Primer Rig I had most of a quart of PPG K-200 urethane primer/surfacer left over from painting the firewall. It still appeared to be good so I devised a method of mounting the wheel to a vise, mixed an ounce and a half of paint and began painting. The mounting rig was a bolt tightened through the wheel center with another loose nut near its end. That nut was then clamped in the vise to hold the wheel so that it could be rotated to easily spray the whole wheel evenly. The obvious flaw in the plan is that the back, or under, side would be most difficult to spray. I did think of that ahead though. The plan was to hand hold the rotating nut with the wheel below while painting the back then mount it in the vise to finish. This did work but was still not ideal. I was to discover later that the back side did not get enough paint, probably due to the problems in holding and rotating it. It also proved difficult to get it into the vise without touching or otherwise damaging the wet paint. See below for how I solved this problem before the final finish paint.

Face Primed Back Primed Here is the wheel in primer, after an initial light sanding. The photo of the back side shows the first evidence that not enough paint was applied. Note several spots where I accidently sanded through to the base surface. Of course, the finger grips did make it a little hard to not sand through but I'm sure there was just not enough there. I then decided to apply a second coat of the K-200 before continuing. Estimating that the mounting jig was part of the cause, I revised it. See the details below. This time I did manage to get plenty of paint applied and it sanded then finished off with Scotch Brite before finishing.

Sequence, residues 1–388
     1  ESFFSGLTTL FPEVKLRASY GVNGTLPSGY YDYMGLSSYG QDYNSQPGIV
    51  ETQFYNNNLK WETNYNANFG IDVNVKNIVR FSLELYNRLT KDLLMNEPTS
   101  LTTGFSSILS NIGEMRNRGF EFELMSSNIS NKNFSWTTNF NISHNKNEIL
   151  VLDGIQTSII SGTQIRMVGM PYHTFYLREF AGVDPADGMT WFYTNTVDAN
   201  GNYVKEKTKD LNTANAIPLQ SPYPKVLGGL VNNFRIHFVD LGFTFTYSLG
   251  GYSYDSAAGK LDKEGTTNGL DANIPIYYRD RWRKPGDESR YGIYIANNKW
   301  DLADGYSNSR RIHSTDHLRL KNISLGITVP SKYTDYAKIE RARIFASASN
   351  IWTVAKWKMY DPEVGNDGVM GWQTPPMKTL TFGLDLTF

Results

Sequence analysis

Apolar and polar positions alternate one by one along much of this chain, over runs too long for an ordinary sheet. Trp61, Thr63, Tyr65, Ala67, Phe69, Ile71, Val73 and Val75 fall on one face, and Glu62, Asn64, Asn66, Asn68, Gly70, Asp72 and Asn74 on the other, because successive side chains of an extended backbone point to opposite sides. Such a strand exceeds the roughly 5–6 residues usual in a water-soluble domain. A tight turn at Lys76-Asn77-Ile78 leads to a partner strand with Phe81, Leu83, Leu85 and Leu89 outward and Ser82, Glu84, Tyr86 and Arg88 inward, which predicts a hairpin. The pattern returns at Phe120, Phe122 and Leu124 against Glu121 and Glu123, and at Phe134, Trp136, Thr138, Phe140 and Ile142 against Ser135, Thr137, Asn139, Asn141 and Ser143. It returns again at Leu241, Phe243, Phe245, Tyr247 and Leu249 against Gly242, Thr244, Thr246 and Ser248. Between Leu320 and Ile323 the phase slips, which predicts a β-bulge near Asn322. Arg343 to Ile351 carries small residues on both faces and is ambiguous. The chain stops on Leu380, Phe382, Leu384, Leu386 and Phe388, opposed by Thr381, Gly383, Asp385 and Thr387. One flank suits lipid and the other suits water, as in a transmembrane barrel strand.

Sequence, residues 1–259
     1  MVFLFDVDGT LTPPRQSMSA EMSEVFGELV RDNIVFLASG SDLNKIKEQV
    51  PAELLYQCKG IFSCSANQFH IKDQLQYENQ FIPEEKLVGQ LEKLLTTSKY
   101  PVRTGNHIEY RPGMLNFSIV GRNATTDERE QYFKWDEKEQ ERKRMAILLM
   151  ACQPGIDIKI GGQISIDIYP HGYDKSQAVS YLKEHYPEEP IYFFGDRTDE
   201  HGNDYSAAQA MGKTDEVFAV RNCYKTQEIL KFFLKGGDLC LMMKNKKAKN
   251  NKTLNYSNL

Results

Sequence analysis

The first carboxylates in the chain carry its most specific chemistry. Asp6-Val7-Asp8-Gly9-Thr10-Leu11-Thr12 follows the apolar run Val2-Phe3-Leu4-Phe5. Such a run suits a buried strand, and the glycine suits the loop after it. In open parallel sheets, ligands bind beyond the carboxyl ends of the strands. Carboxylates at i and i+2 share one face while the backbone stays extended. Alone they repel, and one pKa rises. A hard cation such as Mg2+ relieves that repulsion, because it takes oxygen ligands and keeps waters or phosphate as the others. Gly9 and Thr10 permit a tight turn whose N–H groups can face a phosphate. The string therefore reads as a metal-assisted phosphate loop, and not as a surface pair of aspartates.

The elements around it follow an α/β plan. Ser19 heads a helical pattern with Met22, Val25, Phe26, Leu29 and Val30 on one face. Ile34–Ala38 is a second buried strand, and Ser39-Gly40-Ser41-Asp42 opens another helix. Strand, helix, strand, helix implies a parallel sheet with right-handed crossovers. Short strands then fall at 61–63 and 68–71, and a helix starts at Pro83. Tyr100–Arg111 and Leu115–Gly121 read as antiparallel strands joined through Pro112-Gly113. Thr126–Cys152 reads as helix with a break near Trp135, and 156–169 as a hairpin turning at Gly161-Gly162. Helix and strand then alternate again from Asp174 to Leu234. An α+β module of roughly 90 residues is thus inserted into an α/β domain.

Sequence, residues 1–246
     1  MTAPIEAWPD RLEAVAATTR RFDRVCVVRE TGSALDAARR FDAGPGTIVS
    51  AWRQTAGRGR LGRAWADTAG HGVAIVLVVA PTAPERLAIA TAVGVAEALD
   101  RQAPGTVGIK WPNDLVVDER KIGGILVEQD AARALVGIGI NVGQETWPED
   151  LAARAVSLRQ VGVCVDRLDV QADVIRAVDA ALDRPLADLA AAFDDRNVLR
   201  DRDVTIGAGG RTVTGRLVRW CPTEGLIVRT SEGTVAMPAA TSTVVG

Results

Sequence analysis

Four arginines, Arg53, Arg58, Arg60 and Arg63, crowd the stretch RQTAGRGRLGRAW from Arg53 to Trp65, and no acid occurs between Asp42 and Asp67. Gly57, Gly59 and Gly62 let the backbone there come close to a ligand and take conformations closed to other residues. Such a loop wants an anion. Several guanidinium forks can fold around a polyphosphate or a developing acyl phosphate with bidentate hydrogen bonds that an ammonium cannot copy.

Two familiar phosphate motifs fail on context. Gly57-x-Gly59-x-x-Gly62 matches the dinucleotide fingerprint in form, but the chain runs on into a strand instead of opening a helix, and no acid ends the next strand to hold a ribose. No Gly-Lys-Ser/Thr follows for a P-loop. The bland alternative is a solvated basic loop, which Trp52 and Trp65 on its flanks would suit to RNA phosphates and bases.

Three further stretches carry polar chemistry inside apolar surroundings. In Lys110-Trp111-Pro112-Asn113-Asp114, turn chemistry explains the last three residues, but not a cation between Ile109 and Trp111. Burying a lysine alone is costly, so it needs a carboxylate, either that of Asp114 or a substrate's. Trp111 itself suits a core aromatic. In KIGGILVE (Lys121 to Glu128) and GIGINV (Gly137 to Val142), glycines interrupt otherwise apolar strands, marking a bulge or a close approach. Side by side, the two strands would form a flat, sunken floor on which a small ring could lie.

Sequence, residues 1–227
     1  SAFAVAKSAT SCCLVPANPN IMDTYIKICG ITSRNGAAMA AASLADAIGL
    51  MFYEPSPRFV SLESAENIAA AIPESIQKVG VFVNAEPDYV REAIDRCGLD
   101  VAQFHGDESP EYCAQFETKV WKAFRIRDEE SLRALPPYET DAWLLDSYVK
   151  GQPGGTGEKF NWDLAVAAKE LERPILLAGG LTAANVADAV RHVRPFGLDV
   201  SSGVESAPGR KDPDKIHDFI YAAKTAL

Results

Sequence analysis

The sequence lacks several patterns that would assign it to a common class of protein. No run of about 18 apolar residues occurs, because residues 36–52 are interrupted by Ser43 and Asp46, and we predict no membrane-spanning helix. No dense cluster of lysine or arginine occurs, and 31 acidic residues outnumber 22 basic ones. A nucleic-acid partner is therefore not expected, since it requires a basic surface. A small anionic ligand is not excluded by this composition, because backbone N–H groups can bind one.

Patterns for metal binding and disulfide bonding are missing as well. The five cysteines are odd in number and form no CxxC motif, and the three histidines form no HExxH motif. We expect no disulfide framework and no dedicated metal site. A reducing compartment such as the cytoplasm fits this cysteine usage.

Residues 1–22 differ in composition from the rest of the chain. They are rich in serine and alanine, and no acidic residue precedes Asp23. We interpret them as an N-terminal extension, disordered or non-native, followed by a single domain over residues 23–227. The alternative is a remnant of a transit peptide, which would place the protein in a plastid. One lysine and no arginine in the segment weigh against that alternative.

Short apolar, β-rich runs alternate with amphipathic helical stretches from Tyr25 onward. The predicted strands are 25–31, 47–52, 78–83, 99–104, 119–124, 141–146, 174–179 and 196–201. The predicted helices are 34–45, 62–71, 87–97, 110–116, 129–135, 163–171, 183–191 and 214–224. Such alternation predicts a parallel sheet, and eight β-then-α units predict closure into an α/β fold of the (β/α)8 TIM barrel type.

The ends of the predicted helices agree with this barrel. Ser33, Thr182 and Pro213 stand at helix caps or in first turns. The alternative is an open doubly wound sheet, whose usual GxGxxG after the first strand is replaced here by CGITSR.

Face, Red  from Flash Back Finished To overcome the rotisserie problem evident in the primer phase, I revised the device. I got a longer bolt and a second loose nut so the whole thing could be mounted laterally in the vise. This much improved device is shown here. With it, I could now spray both the front and back easily. The first step was to visit my friendly auto paint vendor, LM Auto Color in Edmond. The paints I had used in the past were no longer available so I needed some re-education. Besides, I needed an expert color match. I took the horn button for a color match. The proprietor was more than helpful. I know he spent at least a couple of hours getting the sheen just right. The color was matched by the computer rather easily. After that, he almost apologized for not being able to mix less than a half-pint. He definitely gets my future business. The paint used was Matrix Systems acrylic urethane and it is very nice to spray.

The photos above show the finished result. The front one was shot with flash and appears a bit too red but it does show the detail quite well. The rear is a pretty good color representation. This photo doesn't show the detail as well but it is much closer to the true color. The horn button photo gives an idea of how the color and sheen matched although it can be difficult to really determine that from photos shot at different times and then rendered on a computer monitor. I could have used just a little more light on the horn button but the turn signal switch was also painted at the same time as the wheel. Maybe that gives a better comparison.

Horn Button Face Finished Well, the end result is that I am extremely pleased with the outcome. I am glad that I did not make a wood wheel although I still intend to do that with a badly deteriorated Jaguar XK140 wheel that I have. Also, I like the looks of this wheel, the shape as well as the color, that I doubt I will ever cover it with leather or anything else. In fact, I have come to like the color so well that I have just about changed my decision on the color for the car's fenders. Originally, I thought about brown but finally settled on black instead. I feel pretty sure now that I will go back to that original thought and paint them this same brown instead. That is, of course, without all the dulling agent.